• Expansion Pack: New content is released for existing games on a regular basis, including epilogues, sequels, side stories, and new characters.
  • The Faceless: As is common in visual novels, the protagonist's face is never fully shown. CGs in which she appears usually show her with her face hidden or turned away from the camera; failing that, her eyes are obscured by her hair or simply not drawn in.
  • Flower Motifs: Many games have at least one guy versed in hanakotoba (Satsuki, Ebihara, Riki, and many more), and the narrative will usually explain to protagonist and player alike what the various flowers mean.
  • Hello, Insert Name Here: The protagonist of each game is named by the player.
  • Microtransactions: In addition to the GREE model described above, the standard versions of the games involve downloading a free prologue and then purchasing the stories you're interested in playing individually.
  • Multiple Endings: Another standard feature of Voltage games, usually involving a "Good Ending" and a "Happy Ending."
  • Perspective Flip: Several games, beginning with In Your Arms Tonight and also including Our Two Bedroom Story and Kissed by the Baddest Bidder, include "His POV" side stories which show events of the main routes from the guy's point of view.
  • Phenotype Stereotype: Since a mundane version of Curtains Match the Window is in effect for most characters, this comes into play as shorthand for "Westerner, or Western-influenced person". Thus, Noel, Ren, Shota, and virtually all foreign characters with their own sprites are indeed blond with blue or green eyes.
  • Pink Means Feminine: Title screens, menus, and splash screens for almost all Voltage games up to Kiss of Revenge invariably use a pink color scheme. Beginning with KoR, and especially following the change in game format that began with Our Two Bedroom Story, this has become much less of a rule.
  • Romance Game: Voltage's bread and butter.
  • Strictly Formula: In any given Voltage romance game, you can expect the cast of potential love interests to be composed of some combination of the following:
  • True Companions: Most of Voltage's games feature most/all of the woo-able boys as a tight-knit group, either from the beginning of the game or becoming so over the course of the main routes. The exceptions are Kiss of Revenge (in which the guys have good professional relationships but don't necessarily consider each other close friends or spend much of their off time together) and In Your Arms Tonight (in which, with a very few exceptions, they are at best colleagues or distant acquaintances if they know one another at all).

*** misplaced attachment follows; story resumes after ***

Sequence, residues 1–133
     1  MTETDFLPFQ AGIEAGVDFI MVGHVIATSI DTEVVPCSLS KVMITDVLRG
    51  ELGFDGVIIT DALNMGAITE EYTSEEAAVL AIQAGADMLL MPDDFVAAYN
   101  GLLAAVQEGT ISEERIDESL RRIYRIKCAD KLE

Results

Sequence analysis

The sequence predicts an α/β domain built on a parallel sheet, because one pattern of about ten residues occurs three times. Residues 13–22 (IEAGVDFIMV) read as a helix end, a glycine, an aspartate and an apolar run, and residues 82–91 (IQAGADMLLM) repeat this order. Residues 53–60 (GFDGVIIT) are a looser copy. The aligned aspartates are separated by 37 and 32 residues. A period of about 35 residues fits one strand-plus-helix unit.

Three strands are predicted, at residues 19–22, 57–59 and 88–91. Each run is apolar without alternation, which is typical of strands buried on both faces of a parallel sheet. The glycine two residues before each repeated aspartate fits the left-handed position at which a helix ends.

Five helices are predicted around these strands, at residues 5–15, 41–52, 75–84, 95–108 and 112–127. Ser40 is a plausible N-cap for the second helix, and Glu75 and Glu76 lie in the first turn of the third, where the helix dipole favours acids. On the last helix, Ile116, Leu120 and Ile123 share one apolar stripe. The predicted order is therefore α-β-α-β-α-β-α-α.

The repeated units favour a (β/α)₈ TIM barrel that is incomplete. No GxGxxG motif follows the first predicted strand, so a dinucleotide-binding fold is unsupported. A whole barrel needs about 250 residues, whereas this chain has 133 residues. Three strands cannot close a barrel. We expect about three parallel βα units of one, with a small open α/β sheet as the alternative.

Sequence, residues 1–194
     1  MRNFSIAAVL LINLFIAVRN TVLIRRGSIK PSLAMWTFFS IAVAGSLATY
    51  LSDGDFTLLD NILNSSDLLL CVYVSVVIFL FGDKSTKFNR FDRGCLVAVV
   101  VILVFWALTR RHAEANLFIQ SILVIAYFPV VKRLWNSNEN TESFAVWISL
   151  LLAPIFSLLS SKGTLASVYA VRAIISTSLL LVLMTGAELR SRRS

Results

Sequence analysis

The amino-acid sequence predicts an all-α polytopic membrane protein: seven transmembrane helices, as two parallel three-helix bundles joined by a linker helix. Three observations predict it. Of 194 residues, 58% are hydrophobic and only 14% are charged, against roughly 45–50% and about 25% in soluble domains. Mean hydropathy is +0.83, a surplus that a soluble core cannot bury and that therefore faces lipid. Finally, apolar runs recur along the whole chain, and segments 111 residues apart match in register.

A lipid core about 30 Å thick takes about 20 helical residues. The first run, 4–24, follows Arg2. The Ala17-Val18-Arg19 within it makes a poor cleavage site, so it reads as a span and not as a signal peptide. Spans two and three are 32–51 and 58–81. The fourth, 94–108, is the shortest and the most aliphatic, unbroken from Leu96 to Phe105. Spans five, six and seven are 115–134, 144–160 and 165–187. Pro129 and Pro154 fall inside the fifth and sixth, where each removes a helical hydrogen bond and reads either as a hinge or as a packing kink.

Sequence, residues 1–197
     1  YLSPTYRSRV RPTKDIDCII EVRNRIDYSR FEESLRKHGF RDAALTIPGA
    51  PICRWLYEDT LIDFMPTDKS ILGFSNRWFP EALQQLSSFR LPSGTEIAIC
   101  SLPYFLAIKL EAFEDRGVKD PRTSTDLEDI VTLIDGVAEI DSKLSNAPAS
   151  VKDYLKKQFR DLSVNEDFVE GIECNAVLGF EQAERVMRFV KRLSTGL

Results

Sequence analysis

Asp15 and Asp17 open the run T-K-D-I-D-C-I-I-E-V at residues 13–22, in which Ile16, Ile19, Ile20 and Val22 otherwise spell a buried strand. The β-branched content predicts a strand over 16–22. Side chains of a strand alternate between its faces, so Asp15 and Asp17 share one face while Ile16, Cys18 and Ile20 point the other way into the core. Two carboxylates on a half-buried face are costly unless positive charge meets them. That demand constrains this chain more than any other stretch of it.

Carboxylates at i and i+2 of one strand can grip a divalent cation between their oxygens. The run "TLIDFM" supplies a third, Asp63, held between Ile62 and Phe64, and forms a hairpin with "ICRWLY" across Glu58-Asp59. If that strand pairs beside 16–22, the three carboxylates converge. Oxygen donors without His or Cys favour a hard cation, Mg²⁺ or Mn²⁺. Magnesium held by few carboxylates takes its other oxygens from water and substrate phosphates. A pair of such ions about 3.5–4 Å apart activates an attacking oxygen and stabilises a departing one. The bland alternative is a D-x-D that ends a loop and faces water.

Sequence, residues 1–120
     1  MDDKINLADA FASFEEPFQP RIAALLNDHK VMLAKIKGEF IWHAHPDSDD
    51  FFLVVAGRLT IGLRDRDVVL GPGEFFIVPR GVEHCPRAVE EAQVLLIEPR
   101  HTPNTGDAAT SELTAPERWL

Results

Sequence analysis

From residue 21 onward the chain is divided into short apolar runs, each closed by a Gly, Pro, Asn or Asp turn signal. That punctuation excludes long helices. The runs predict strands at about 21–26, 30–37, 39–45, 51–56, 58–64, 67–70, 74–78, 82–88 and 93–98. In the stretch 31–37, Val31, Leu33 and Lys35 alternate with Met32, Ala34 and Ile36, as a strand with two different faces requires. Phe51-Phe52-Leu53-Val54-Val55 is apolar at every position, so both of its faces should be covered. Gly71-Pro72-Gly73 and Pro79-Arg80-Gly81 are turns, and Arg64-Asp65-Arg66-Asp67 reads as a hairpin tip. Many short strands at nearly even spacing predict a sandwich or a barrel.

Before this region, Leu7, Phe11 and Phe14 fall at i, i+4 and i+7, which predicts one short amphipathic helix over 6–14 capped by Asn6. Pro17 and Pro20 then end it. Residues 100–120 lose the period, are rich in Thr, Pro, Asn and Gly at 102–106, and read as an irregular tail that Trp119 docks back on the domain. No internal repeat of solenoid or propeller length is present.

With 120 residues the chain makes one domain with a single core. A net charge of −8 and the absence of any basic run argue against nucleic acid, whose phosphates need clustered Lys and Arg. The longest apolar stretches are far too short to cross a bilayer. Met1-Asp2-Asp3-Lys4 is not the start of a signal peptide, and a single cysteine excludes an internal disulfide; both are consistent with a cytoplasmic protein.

• Unmoving Plaid: How most games handle patterns on the sprites' clothing.
  • Updated Re-release: The games adapted for GREE generally have a good bit of content added, both to expand the storyline to better fit the GREE format and to improve on the weaker elements of the original plots. For just one example, the protagonist of the original version of Be My Princess is an exchange student who becomes involved with the princes through a string of coincidences, while in the GREE version she comes into contact with them after she gets a job working for a famous fashion designer.
  • Valentine's Day Episode: As with Christmas, the Valentine's Day holiday provides a prime side story opportunity, and most of the games have one released for February.
  • The Verse: Crossovers and shout-outs confirm that My Forged Wedding, Seduced in the Sleepless City, Love Letter From Thief X, Office Secrets all take place within a single continuity, with Dreamy Days in West Tokyo and Metro PD: Close To You probably also included. Whether or not any of the other games also fall within this continuity is mostly unconfirmed, but Our Two Bedroom Story and Kissed By The Baddest Bidder are excluded.note 
  • Welcome Episode: Voltage games start with a free prologue to introduce you to the Main Character, the situation/world they are in, and often include an Establishing Character Moment for the love interests. The first chapters often have elements of this as well, giving a reader a more in-depth look at the guy whose route is being taken, and usually ending on a cliffhanger.